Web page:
The Special Meaning Behind A Wedding Ring—Potato Mama's Sustainable Development

Preface: This is a story about our company which happened in its infancy. In the beginning, Topology was a one-person company with limited resources. Peter, the founder, wore many hats from marketing, tour planning, hotels booking to being a tour guide! This is a very hard time. During the period, the company was already operating the Sweet Potato Mama Project. How to maintain the sustainability of this project at this time became an headache for Peter and there was a warm episode behind it.

Photo: Peter guided the Sweet Potato Mama tour to lead the students selling sweet potatoes with single mothers on the street.

I hate to spend my money on something that I will probably never use. And when it comes to marriage, I think the ring is one of them. I had a huge fight over this with my wife, Sindy, who was my fiancée at the time.

Marriage was supposed to be a joyful event, but the revenue of my company was just past the break-even point. This meant that the company was just starting to gain profit, and I was afraid that all the hard work would disappear due to another recession in the market. Consequently, I felt very uneasy when I was picking out a ring for my wife and saw the five to six-digit numbers on the price tag in the jewelry shop because what I had harvested for the last six months would be traded for a ring that couldn’t satisfy me in any practical way.

During that time, my company was promoting a project called Sweet Potato Mama Project which was an activity that allowed foreign travelers to sell sweet potatoes alongside with the single moms. In the beginning, the activity was free because I thought that it was nice that the guests wanted to help the Taiwanese in need and I didn’t feel comfortable charging them for their awesome volunteer work.

This way, many groups of travelers were willing to register for the activity. There were even Taiwanese travel agencies that would arrange this activity for their customers and asked us to guide the tour. It was fantastic because we could promote the Sweet Potato Mama Project together. As long as the foreigner could experience the real Taiwan my dream was realized.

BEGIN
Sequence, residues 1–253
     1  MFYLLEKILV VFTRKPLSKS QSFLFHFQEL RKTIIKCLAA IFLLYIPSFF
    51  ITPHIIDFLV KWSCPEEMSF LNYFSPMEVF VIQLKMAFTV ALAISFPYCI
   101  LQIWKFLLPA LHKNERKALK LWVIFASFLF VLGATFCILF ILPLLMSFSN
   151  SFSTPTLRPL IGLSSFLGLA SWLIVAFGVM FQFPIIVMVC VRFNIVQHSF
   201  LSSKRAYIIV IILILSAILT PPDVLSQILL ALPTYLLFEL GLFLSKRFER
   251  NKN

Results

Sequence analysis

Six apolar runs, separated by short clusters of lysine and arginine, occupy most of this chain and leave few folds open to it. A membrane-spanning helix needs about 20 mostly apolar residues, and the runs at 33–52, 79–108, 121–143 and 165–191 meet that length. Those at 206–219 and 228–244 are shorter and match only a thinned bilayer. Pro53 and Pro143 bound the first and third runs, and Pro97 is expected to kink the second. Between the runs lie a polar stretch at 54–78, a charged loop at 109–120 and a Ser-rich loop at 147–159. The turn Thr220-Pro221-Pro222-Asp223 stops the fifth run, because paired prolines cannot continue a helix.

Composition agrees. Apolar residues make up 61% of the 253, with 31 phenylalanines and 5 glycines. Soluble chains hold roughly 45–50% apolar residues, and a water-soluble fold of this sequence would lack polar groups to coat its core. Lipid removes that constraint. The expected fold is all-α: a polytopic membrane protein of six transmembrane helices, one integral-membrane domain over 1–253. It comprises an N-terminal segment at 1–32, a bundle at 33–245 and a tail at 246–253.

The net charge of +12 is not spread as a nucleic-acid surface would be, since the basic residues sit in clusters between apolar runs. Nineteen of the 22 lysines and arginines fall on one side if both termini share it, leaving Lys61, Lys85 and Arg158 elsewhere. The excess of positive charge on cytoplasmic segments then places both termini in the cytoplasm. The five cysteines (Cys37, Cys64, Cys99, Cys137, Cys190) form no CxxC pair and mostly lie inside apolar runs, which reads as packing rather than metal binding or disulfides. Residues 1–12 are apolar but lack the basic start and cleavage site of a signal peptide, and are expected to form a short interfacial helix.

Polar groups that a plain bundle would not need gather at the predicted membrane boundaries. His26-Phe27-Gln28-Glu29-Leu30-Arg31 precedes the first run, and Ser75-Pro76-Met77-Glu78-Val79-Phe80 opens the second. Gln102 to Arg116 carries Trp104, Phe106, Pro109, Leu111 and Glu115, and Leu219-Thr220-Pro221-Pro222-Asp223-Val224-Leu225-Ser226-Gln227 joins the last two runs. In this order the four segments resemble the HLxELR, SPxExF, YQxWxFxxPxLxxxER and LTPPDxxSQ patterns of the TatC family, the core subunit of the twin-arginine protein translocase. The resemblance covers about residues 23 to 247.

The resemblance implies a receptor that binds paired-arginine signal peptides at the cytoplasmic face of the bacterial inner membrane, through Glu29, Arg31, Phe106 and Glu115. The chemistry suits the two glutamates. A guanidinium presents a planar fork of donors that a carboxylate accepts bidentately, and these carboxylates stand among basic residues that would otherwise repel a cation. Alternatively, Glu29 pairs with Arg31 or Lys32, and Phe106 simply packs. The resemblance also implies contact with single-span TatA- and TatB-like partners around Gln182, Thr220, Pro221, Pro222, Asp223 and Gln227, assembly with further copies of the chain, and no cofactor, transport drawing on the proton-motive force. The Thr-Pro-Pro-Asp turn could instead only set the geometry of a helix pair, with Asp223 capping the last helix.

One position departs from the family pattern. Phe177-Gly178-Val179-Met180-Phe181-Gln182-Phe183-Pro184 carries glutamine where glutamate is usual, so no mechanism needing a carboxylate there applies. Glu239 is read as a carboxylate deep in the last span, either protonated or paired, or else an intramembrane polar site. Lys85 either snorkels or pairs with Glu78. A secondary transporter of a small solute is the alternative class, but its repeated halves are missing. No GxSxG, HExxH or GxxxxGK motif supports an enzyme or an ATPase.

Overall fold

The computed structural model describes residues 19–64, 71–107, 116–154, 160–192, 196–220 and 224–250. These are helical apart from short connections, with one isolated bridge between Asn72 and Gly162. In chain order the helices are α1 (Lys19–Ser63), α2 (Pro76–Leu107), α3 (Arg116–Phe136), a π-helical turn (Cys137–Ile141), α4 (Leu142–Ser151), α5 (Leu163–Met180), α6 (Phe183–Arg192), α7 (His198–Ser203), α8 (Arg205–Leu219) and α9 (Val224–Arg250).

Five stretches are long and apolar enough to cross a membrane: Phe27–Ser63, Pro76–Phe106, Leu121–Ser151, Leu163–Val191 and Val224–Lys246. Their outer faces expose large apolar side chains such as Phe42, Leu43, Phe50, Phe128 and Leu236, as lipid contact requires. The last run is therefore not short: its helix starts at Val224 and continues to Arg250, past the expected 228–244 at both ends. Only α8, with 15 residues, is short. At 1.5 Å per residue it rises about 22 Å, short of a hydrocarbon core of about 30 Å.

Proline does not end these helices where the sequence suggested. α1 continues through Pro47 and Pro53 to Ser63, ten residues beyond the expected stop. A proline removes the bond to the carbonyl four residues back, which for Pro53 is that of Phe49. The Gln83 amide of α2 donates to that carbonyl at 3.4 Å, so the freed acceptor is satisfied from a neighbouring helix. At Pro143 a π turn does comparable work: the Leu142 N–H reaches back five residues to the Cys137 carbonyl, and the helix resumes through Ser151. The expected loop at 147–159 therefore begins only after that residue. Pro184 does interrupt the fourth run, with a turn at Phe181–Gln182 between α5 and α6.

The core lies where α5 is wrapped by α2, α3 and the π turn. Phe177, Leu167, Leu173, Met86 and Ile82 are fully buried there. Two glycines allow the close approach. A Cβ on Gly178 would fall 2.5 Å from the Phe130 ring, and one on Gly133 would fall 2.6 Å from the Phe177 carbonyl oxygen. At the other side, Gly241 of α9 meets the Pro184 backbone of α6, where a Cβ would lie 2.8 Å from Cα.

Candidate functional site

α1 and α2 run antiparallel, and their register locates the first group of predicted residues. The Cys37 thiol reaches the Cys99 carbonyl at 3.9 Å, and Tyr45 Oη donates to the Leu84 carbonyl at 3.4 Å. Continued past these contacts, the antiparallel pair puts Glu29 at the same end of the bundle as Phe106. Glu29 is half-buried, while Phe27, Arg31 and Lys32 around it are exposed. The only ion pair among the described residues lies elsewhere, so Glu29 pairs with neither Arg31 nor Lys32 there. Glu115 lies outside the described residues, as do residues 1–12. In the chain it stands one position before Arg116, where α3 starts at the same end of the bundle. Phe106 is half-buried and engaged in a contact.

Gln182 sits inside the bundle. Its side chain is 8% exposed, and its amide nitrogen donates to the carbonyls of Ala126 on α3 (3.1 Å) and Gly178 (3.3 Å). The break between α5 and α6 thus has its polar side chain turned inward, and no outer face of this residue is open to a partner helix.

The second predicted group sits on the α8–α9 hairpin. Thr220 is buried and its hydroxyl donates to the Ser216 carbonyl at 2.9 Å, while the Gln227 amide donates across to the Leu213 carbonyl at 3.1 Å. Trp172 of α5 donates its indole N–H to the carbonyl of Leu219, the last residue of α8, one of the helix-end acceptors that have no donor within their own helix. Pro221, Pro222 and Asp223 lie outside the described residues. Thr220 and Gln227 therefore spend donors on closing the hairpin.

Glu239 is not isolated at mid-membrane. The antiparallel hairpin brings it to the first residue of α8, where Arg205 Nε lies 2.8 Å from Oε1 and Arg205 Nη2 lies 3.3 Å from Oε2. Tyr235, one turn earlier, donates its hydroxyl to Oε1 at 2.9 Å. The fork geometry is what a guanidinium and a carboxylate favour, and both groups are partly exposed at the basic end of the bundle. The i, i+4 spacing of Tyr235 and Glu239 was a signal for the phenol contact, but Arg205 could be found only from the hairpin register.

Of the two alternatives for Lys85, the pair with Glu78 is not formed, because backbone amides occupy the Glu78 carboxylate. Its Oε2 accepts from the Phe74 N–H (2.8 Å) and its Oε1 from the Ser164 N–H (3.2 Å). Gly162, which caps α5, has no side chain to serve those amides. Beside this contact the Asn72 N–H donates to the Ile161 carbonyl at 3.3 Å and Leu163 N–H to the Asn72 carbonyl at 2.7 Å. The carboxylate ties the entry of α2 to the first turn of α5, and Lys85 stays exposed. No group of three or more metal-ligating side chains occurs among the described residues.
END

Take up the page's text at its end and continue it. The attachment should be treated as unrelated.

Gradually, the company started thriving, and I was too busy to guide the tour, so I needed someone to help me. I asked my colleagues to guide the tour during their time off, and they were okay with this arrangement. However, sometimes the guests would enroll the activity on the weekends, and the issue of overtime pay arose. Under the condition of no charge for the activity, I didn’t know where to find the money to pay for my colleagues’ work.

Watching Sindy pointing at the rings in the cabinet and the salesman with white gloves taking them out and put them on the black velour with the greatest care, I thought about the people who could join the tour if I paid the guide with the ring money. All the calculation proved to me that the ring was definitely not worth it.

Sindy tried the rings on one by one and asked me nicely about how they looked. But what I was really looking at was the price tag tied to the ring with a yellow rope with golden numbers on it. When the rings were still in the cabinet on display, the price tags were usually blocked on purpose. Only when you tried them on would the little piece of paper show itself. Not to mention the numbers on it were so small that I had to squint real hard just to see it clearly.